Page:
Huntington's disease from the patient's point of view.



How I look like People tell me that I have a bad temper, that I suddenly become irritable, that I have jerky movements that I don't notice.

How I feel I experience moments of deep mood depression, sometimes I want to die.

What I need Probably I need pharmacological help to control my mood swings. I don't need my movements to be blocked if the price to pay is to slow down my thinking, I don't want to take drugs that would paralyze my mind.



How I look like People on the street are watching me. Someone thinks I am drunk because sometimes I stagger and show an obvious hindrance in moving.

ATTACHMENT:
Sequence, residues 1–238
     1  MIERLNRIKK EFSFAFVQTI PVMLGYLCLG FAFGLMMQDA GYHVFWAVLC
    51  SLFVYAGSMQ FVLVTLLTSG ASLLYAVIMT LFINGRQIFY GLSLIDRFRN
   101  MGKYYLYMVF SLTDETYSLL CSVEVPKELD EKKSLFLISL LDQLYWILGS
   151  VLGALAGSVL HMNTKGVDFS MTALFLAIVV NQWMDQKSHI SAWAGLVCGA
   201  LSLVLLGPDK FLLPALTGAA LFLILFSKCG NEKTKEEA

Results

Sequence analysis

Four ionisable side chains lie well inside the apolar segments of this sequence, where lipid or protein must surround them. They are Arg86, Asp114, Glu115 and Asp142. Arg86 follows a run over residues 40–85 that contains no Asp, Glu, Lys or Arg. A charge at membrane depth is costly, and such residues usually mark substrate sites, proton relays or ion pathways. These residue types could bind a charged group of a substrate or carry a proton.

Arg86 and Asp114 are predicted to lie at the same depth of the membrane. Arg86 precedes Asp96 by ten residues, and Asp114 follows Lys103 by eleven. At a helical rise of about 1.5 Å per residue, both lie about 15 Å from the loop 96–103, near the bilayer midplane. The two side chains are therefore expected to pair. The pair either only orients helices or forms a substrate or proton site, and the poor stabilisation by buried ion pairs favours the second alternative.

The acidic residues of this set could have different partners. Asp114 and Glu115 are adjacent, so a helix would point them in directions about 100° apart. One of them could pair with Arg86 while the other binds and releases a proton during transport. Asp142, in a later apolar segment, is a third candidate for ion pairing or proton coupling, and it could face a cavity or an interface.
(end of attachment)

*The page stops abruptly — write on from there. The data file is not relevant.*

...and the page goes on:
How I feel I probably have symptoms at a full-blown phase, they all notice by now. I feel observed, even when it is not true. I often have a recurring thought, I cannot get away from that thought.

What I need In this phase I should exercise my motor coordination. I may need psychiatric help to take care of my thinking without altering my ability to move. Rehabilitation aimed at speeding up my movements, attention and balance may help me.



How I look like I have uncoordinated movements and control. I react badly. I swallow with difficulty and risk choking with water. I always go to the bathroom, once I got wet

How I feel I feel slowed down. I constantly think of killing myself, I can't tell if I'm sad, but I want to die. I don't go out anymore and I don't want to meet anyone. My thoughts are, however, still alive and I hope that one day I will be able to recover.